The Way continues past a major Spanish naval base. Peering through the fence, among many other treasures, I observed a small triple-expansion steam engine no doubt salvaged from a Spanish naval vessel no longer in service. Shades of the SS Jeremiah O’Brien, moored at Pier 45 in San Francisco! (The Jeremiah’s steam plant is considerably larger than the one in the weeds.)

The Way continues past the naval base and continues along the estuary at the mouth of the Ria Ferrol.

The Way passes the Iglesia San Martin de Xubia, before beginning an extended hike through woodlands and parks.

Emerging from the parkland, Neda comes into view.

On this Camino, I walked with a daypack and engaged the Correo [Post Office] to transport my main pack from lodging to lodging at a total cost of 20 euros for the entire Camino Ingles.  Upon arriving in Neda, I surveyed the scene, and then went out to explore the town and the neighboring town of Narón.

The view from my room at Pension Maragota was spectacular.

The Banco Hispano Americano was intriguing, but no longer extant.  The fountain, however, is fully operational.

6 October 2019: Neda to Pontedeume

This stage of the Camino Ingles started out with a hike from Pension Maragota up the hill and then gently down into the principal business streets in Neda. A cross adorned a small park along the Way on the main roadway through Neda.

The Way crosses through the grounds of Iglesia de Santa Maria and, astonishingly, through a children’s play park that is a part of the church complex, before continuing across a stone bridge and back through town. Within the church is a plaque placed by the Confraternity of St. James commemorating the Holy Year of 2004.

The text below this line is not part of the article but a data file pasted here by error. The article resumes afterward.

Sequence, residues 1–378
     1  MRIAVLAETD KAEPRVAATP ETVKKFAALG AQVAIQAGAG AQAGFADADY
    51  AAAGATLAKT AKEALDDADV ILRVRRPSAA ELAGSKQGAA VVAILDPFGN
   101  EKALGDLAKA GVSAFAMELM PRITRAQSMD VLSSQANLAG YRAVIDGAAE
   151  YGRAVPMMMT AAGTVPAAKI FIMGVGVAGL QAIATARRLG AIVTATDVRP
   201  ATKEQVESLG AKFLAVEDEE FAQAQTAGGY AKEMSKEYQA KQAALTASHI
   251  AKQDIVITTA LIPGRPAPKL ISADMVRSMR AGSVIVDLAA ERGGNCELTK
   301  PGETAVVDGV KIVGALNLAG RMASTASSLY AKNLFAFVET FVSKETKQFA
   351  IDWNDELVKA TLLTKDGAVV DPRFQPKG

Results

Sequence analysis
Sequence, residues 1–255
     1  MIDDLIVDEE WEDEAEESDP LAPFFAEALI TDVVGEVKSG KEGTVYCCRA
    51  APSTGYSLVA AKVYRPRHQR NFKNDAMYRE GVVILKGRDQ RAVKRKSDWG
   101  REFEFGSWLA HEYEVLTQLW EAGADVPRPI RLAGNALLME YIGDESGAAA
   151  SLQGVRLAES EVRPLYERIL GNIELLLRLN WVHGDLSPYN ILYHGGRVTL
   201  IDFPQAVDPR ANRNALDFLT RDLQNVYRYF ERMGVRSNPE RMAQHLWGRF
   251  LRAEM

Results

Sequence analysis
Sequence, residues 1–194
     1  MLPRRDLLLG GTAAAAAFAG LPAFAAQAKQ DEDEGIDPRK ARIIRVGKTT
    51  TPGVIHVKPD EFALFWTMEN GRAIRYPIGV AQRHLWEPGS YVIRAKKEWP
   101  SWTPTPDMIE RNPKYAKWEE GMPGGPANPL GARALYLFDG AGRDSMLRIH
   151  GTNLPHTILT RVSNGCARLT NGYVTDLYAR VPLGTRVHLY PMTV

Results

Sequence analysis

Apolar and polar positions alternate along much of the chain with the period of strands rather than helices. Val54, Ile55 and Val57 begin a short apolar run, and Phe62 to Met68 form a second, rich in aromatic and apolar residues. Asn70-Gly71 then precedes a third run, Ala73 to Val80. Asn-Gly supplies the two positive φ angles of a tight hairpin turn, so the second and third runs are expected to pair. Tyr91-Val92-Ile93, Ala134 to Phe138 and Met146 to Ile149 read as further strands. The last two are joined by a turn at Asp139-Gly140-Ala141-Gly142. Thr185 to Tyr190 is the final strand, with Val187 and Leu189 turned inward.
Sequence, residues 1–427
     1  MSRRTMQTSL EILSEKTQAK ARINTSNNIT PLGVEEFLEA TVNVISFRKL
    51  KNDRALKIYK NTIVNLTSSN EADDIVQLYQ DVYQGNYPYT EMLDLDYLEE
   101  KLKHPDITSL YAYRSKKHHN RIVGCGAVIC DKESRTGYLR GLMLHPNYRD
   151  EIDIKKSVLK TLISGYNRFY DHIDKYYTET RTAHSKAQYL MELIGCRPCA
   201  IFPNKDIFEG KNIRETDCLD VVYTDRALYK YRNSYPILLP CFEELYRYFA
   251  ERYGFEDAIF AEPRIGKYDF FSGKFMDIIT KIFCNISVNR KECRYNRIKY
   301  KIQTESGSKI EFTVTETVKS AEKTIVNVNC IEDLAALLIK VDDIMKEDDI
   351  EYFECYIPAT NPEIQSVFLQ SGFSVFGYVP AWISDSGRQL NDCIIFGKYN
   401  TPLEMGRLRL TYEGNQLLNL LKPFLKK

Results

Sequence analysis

Out of Neda, the Way traverses less populated areas and encounters mild but meaningful elevation. At one point, I looked back to see the major shipyard across the estuary.

At Fene, the Way passes a stone structure that long ago harnessed the power of the stream beneath it. Not far away was a much newer structure also making use of the water from the rivulet.

Spain continues to build and maintain these neighborhood lavandarias, though they are rarely used and sometimes because of stagnant water, are unusable.

In Fene, I paused for a café con leche and met up with two peregrinas from the United States (one from Las Vegas and one from the Boston area) whom I had met on the Way the previous afternoon. We would see each other from time to time along the Way. And one, at the conclusion of her perigrenacion, remained in Santiago for a week to volunteer at the Pilgrim Welcome Center validating Credencials and issuing Compostelas!

A little farther along, an enterprising denizen of Cabanas offered conchas for sale. The price is donativo.

Near the bridge across the Rio Eume, the Way takes a short detour past a quiet cruceiro before continuing on to Pontedeume. “Pontedeume” means “bridge of (the) Eume.”

The bridge dates from the 16th Century. Pontedeume is a substantial and busy town.